Somerfield Overeggs Easter Awareness Effort

From Christian Today:

A survey published by supermarket chain Somerfield has shown that many youngsters in the UK do not know what Easter signifies.

Somerfield’s survey, which was conducted as part of a marketing campaign, found that one-in-six 16 to 24-year-olds know nothing about Good Friday, the commemoration of Jesus’ crucifixion.

Alas, however, Somerfield’s somewhat unexpected foray into the sociology of religion has come unstuck. From the Times:

A supermarket chain got itself into a huge muddle over the meaning of Easter yesterday in its attempt to sell more chocolate eggs.

“Brits are set to spend a massive £520 million on Easter eggs this year — but many young people don’t even know what Easter’s all about,” said the press release from Somerfield after a survey.

It then went on to claim that the tradition of giving Easter eggs was to celebrate the “birth” of Christ. An amended version changed this to the “rebirth” of Christ. Finally a third press release accepted Church teaching that Easter celebrated the resurrection of Christ.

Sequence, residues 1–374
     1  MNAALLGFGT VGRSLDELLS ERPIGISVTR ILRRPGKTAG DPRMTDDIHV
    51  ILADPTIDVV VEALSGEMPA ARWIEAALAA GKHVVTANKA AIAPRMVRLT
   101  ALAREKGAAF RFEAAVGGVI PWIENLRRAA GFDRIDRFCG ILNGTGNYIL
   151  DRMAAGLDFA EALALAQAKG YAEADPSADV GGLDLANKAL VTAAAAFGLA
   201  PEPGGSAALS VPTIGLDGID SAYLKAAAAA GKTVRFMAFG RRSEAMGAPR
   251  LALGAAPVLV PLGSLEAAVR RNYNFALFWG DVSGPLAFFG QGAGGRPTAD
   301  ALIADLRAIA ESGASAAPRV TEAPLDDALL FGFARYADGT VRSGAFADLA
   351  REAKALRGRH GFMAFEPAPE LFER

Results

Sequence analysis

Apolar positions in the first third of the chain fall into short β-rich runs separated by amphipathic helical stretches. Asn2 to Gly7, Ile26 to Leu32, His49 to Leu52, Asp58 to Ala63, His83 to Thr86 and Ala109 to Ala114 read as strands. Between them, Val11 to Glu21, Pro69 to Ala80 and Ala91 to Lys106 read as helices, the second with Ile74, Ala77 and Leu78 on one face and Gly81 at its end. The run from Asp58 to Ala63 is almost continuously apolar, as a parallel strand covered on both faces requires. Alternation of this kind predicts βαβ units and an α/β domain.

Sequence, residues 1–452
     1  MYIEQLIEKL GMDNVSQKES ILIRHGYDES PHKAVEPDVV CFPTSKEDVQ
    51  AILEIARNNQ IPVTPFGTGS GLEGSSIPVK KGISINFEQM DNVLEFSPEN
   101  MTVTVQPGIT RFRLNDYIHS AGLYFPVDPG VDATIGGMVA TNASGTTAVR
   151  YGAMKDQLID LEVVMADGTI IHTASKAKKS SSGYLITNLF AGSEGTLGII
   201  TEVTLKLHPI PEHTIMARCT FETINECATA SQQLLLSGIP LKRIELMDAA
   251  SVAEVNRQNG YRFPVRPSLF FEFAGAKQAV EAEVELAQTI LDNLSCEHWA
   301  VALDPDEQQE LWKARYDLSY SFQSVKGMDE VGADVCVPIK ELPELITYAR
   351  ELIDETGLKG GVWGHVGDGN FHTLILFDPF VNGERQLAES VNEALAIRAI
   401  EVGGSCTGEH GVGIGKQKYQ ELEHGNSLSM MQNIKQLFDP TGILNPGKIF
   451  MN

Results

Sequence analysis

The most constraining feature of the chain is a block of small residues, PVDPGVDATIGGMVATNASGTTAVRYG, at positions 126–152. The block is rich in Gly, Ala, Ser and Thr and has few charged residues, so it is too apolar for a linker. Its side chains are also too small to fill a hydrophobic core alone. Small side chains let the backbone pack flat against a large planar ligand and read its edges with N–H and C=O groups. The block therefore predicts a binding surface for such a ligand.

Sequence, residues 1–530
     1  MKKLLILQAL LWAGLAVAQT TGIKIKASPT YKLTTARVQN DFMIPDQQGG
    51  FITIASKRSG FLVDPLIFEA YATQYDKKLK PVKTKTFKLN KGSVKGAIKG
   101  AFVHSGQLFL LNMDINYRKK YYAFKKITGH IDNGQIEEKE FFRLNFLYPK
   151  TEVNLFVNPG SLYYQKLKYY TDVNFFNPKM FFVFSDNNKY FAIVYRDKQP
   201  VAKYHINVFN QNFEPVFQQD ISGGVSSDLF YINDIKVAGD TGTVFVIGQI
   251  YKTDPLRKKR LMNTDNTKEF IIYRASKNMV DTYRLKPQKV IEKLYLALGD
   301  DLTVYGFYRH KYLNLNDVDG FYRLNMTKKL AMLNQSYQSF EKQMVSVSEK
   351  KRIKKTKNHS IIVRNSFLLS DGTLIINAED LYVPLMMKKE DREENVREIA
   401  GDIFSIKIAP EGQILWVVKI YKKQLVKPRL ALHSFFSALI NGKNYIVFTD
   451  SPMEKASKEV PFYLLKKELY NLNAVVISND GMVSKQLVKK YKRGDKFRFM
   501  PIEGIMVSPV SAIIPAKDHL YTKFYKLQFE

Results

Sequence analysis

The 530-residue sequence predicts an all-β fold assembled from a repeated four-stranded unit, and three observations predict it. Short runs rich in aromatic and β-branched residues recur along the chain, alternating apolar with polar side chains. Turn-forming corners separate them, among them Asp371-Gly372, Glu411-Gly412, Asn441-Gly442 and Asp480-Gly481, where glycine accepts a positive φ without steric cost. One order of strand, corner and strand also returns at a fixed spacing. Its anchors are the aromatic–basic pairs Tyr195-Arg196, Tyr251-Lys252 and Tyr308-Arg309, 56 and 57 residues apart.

…Pete Williams, head of PR at Somerfield, said: “We spoke to the Church of England press office, who suggested we use the word resurrection, in keeping with the Church’s teaching. We were happy to do that.”

One consequence has been a mocking article in the Guardian, which would be fair enough had not a 2004 Holy Week Guardian report (now amended, but I blogged it at the time) told us that the Church of the Nativity in Bethlehem is believed to be site of “Jesus Christ’s final resting place”.